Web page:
His mother realized that her son had some real talent in what he was doing. She decided to take a big risk to help her son and thus mortgaged her house to lend him $100,000 to invest in his business. In 1992, he laid the foundation of his company, ‘For Us By Us,’ which was shortened to ‘FUBU.’ He also continued to work as a waiter.

Marketing the brand was the biggest challenge during its early stages, and Daymond John somehow knew that he needed to get some celebrities on board to promote it. Over time, as the hat business began running smoothly, Daymond began sewing screen-printed T-shirts. As the business grew bigger, he appointed two more friends from his neighborhood and gave them the responsibility of selling the T-shirts.

In order to expand the business, they started selling the T-shirts in large consignments in the northeast region. Over time, they began sewing the ‘FUBU’ logo on hockey jerseys and T-shirts. They designed the logos to match the hip-hop trends, and their brand of clothes became extremely popular with the masses.
One of the biggest promotional ideas they had was to get some public figures to wear their T-shirts. For the next 2 years, they began lending their brand of clothes to upcoming rappers. They chose 10 rappers, including Will Smith, and their brand was featured in about 30 music videos.
Despite the fact that ‘FUBU’ was still a small-time apparel brand, its presence in popular music videos created a general perception that it was a big brand. Many stores began contacting them, and Daymond and his company started supplying in bulk.

In 1993, Daymond John had a big breakthrough when he managed to convince his childhood friend and rapper LL Cool J to wear a ‘FUBU’ T-shirt to a public event. Later, while shooting for a ‘GAP’ advertisement, Cool J wore a ‘FUBU’ hat and used the phrase “for us by us” in one of his rap songs.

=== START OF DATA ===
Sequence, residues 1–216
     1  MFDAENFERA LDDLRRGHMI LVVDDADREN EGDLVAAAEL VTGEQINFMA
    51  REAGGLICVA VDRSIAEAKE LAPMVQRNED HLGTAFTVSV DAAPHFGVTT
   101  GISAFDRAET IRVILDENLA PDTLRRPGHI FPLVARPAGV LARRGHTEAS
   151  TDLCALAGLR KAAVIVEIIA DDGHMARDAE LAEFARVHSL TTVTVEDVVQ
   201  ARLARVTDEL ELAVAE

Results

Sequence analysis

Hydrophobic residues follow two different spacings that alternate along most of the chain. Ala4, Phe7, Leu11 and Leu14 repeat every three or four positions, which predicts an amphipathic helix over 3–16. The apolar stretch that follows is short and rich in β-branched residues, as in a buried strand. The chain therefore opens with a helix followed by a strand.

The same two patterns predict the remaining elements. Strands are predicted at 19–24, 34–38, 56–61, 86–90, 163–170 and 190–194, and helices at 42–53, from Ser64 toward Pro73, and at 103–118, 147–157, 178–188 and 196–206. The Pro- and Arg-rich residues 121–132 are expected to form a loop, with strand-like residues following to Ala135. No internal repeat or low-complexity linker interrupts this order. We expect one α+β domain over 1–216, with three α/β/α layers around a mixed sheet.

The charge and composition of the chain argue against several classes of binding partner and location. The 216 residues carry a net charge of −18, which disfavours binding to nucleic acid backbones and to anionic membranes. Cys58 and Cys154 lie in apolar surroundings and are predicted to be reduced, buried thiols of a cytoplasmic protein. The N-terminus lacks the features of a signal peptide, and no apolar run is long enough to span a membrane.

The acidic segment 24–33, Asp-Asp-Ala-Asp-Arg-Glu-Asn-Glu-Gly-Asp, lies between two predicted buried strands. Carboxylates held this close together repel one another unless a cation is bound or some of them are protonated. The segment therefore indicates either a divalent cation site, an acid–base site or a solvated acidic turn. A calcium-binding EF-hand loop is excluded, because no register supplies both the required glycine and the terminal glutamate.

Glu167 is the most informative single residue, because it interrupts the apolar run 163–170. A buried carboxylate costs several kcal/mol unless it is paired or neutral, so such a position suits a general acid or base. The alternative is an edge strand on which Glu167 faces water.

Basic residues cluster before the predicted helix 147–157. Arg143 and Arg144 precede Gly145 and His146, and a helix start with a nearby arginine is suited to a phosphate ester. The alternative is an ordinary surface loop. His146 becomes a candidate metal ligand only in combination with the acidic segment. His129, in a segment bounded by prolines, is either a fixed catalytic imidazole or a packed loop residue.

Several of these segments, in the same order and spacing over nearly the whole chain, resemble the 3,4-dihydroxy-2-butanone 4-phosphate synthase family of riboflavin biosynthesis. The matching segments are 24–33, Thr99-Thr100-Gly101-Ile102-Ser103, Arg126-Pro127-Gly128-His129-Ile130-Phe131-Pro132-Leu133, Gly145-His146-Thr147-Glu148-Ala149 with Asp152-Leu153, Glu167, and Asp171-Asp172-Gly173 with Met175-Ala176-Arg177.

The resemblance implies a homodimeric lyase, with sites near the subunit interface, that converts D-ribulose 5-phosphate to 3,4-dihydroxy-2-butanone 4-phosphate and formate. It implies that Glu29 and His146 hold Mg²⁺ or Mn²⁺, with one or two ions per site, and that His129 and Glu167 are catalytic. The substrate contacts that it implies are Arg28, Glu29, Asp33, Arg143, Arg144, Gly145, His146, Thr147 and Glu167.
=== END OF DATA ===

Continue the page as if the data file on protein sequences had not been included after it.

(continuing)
Around the same time, Daymond managed to receive orders worth $300,000. To deliver the goods, he needed to ramp up the work, and for that, he needed more cash. He asked many banks for loans but was rejected by 27 major banks. His mother gathered some money and put up an advertisement in ‘The New York Times.’ The effort worked, and ‘Samsung Textiles’ came on board, helping ‘FUBU’ complete the orders.
Currently, ‘FUBU’ happens to be a global brand and has managed to earn more than $6 billion in sales. Daymond, being its founder and CEO, has become a national celebrity and an inspiration for the young black American population that has mostly been marginalized and deprived of equal opportunities to grow. Daymond also speaks as a motivational speaker at public events and is known as a black icon.

In 2009, Daymond John was offered a spot on the business reality show ‘Shark Tank.’ According to the format of the show, individuals pitched their business ideas to investors, with the hope of receiving funding. By 2017, Daymond had invested more than $8 million of his own money in different ‘Shark Tank’ ventures.

He has been one of the most popular investors on the show. He received widespread appreciation for deciding to mentor a young entrepreneur named Moziah Bridges, the owner of ‘Mo's Bows.’ As a result, ‘Mo’s Bows’ grew by leaps and bounds and recently signed a great deal with the ‘NBA.’
In September 2015, he spearheaded the business skill-development program named ‘Daymond John’s Success Formula,’ to help small businesses grow. It was later renamed ‘Next Level Success.’
He has written four books: ‘The Brand Within,’ ‘Display of Power,’ ‘Rise and Grind,’ and ‘The Power of Broke.’ He has been a ‘New York Times’ bestselling author. He has also won several awards, such as the ‘NAACP Award,’ the ‘Asper Award,’ and the ‘Essence Award.’
Family & Personal Life
Daymond John married his first wife in his early 20s and had two daughters with her. He was busy devoting time to his business at that time. Thus, his wife left him. The marriage finally ended in a divorce.
In 2018, Daymond married Heather Taras. They had a daughter, Minka Jagger.
In 2017, Daymond was diagnosed with thyroid cancer. He then underwent a successful surgery and is now cancer-free.